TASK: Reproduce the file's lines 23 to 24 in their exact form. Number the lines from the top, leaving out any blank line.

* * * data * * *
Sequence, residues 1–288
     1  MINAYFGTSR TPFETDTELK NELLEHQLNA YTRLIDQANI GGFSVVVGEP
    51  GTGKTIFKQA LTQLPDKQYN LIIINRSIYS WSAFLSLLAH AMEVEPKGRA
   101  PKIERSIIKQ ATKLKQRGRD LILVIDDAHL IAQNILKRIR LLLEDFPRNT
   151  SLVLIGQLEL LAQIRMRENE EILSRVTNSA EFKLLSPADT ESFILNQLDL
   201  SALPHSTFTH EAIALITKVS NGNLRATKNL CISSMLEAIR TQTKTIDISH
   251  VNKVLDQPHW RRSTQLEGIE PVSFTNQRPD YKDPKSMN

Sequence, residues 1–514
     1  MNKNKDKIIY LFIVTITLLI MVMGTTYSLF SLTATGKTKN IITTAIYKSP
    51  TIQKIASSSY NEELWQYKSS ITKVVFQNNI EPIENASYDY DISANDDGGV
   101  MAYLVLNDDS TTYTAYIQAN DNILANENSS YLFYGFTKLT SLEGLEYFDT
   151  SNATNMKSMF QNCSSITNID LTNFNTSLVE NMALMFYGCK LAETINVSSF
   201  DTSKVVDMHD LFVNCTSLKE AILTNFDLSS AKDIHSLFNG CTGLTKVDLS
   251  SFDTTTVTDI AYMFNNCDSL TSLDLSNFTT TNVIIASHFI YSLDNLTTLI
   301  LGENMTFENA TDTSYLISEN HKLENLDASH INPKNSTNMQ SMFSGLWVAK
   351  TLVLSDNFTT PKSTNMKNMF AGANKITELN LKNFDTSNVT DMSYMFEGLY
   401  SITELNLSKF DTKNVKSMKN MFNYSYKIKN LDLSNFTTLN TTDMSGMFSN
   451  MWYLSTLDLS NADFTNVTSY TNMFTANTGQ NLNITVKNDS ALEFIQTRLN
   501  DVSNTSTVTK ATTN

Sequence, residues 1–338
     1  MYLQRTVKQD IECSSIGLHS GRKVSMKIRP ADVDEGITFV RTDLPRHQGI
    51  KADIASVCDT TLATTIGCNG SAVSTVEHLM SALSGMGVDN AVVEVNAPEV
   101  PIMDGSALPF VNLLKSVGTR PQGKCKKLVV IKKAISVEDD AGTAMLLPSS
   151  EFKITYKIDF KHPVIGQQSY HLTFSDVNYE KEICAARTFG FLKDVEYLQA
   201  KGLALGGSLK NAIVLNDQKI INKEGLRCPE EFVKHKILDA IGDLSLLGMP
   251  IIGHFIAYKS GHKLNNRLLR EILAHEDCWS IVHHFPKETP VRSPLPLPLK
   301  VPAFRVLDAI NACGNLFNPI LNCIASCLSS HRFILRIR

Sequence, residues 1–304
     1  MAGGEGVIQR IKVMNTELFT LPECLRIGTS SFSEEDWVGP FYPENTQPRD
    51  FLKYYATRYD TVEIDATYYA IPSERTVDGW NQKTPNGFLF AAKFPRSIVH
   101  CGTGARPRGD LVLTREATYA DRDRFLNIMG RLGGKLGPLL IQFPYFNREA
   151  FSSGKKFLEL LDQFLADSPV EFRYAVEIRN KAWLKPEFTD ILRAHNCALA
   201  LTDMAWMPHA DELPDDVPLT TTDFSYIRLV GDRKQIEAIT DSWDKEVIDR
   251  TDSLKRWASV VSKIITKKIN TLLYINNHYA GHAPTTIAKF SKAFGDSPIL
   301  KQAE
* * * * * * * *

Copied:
   101  PIMDGSALPF VNLLKSVGTR PQGKCKKLVV IKKAISVEDD AGTAMLLPSS
   151  EFKITYKIDF KHPVIGQQSY HLTFSDVNYE KEICAARTFG FLKDVEYLQA